Last week, I posted an article about how I fill a 3 month content calendar and a plan for getting content out to your audience each week. This week, I want to share one of my recent Facebook Live’s on how to pick the best primary content topic ideas to fill that content calendar. Again, your primary content is basically the core content pieces where you are delivering the most value to and really showcasing your expertise. It’s some of the best content you are creating. Blog posts, videos, or podcast episodes are typically the most common examples of primary content. Enjoy!
Ideas for Picking the Best Content Topics for Your Audience
First of all, I want you to be thinking about what your content goals are. Whether you are a blogger, podcaster, youtuber, or social media influencer, it’s important to have some goals established that will help guide your content decisions. Are you trying to entertain your audience? Do you want to create brand awareness? Maybe increase traffic to your website, or get more leads? Are you trying to create hype around an issue? Are you educating your audience on something? Whatever it is, think about it as we go through these together. Think about whether or not the topics that pop into your head would actually be aimed at achieving those goals.
Enter your email below to follow along with the content topic brainstorming list that will guide you in picking the best topics:
Decide on your topic areas
First, you want to decide what topic areas you are going to talk about. If you are new to content creation, begin by choosing 1-3 areas. You don’t want to confuse your audience or overwhelm yourself with too much content. Remember, quality over quantity, and less is more. Pick topics that are going to attract and serve an audience. You’ll want topics that are relevant to your business, and that serve yourself, otherwise you will get burnt out quickly! I want you to be passionate about the topics you choose, so let’s stick to a few favorite topics at a time!
Now, you might be thinking, “but wait, I want to be talking about motherhood and marriage and health and everything else I am passionate about even if it has nothing to do with my business.”
All of that is great! However, you can find ways to intertwine those other topics into your primary content. You can utilize social media, email, and all the promotional/broadcasting channels to deliver on those topics. But, if you are eagerly trying to grow your business and audience, you need to establish some credibility in a few focus areas first. Next, you’ll use the promotional/broadcasting channels (and maybe a blog post here and there) as a way to build relationships on more of a personal level with your audience, which is where those other sub-topics come in. Does that make sense?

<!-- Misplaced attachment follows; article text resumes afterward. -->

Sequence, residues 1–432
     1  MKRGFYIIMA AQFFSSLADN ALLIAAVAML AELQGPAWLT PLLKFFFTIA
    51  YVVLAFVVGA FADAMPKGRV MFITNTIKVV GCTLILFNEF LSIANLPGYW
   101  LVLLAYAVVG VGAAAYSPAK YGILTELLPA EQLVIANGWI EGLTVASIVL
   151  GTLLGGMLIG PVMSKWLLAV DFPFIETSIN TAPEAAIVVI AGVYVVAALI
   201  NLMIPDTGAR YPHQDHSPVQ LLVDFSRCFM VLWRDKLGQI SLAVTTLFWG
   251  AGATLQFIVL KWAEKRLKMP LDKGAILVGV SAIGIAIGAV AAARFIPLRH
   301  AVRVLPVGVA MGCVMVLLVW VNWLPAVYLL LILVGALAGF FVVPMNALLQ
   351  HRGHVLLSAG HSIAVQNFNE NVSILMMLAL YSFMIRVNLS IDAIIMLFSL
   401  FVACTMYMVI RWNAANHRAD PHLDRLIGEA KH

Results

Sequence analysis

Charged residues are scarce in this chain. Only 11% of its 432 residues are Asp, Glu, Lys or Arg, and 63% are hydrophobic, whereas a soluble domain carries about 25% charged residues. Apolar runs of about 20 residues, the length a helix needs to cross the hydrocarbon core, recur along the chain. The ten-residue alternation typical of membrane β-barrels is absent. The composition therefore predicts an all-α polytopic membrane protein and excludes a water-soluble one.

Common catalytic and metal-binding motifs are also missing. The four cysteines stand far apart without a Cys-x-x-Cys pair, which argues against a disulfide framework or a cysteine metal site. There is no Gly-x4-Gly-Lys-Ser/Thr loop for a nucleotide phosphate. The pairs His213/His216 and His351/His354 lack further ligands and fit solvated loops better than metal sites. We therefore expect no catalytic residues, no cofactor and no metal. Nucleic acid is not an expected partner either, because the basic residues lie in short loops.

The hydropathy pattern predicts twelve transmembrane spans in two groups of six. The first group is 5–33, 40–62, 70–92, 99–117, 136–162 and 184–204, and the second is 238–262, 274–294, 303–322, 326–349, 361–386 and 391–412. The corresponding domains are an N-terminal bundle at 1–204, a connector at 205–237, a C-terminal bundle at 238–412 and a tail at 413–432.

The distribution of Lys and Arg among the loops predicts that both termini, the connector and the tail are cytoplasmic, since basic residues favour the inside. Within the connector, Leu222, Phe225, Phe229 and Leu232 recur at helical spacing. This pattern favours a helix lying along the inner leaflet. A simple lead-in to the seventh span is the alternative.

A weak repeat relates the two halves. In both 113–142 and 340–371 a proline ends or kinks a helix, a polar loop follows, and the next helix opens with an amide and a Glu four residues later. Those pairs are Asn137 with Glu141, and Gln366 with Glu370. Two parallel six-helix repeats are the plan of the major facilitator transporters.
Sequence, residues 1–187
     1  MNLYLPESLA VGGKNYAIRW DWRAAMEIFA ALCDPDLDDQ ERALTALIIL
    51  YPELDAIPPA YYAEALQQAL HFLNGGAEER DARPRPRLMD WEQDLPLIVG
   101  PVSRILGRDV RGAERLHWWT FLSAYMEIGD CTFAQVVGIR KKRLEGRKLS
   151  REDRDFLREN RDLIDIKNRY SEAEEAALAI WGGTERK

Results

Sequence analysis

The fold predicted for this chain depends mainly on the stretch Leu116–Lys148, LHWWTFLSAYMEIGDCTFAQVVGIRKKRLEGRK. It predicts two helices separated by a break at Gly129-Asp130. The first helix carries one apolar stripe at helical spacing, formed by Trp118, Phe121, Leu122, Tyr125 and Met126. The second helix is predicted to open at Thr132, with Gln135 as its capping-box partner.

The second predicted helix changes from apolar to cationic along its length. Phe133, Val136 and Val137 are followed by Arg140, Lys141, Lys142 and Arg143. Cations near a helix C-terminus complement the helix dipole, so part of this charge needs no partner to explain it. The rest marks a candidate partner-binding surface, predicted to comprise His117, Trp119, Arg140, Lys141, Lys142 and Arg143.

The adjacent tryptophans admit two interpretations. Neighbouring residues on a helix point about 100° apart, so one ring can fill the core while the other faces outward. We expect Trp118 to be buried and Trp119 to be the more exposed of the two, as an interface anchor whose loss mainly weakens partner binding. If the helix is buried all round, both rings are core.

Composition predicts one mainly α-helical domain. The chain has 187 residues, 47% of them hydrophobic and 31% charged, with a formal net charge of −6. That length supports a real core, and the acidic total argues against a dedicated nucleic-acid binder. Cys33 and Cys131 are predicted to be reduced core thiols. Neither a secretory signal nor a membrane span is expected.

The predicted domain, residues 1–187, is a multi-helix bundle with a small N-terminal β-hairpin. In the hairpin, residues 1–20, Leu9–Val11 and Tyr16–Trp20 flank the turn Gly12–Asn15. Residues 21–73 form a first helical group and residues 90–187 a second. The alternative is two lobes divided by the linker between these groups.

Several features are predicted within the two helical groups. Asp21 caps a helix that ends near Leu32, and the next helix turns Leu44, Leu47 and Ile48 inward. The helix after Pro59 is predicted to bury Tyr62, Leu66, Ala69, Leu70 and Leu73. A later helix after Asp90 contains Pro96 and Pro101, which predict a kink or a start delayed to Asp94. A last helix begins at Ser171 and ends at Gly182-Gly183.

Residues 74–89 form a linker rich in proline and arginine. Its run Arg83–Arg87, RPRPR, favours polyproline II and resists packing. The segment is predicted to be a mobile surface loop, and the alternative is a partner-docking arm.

Personally, my areas of focus (and what I talk about in my primary content) are content strategy, branding, and time management and productivity. I still talk about my life and my hobbies, but I stick to a 80/20 rule. 80% of my content is foundational to my business, and 20% of the content is taking a glimpse of my life in ways that my audience would find relatable.
Once you’ve determined you topic areas, write them down!
What does your audience want to be hearing/learning about from you?
Think for a minute about who your content is for and what they want to know or learn about. Hint: your audience is NOT everyone. Instead, you should be creating content for a very specific audience of people. There are many people out there that need your message and expertise, but it isn’t everyone.
So, is your audience single mothers who want to be financially stable? Maybe your audience is furry dog owners that schedule regular groomings for their pups. Are they young musicians, or dancers? Or maybe they’re fishermen or hunters?
Once you’ve identified who you are creating content for, then you need to know their specific needs as it relates to your business. For example, a dog groomer’s audience would likely want to know the importance for getting their dog groomed, how to keep up with nail clippings and ear cleanings, maybe the best dog parks around; however, they probably don’t need to know how to groom their dogs themselves, because the audience that the dog groomer is targeting are people who want to bring their dog to get groomed the right way.
So, how do you actually know what your audience wants to learn about or consume?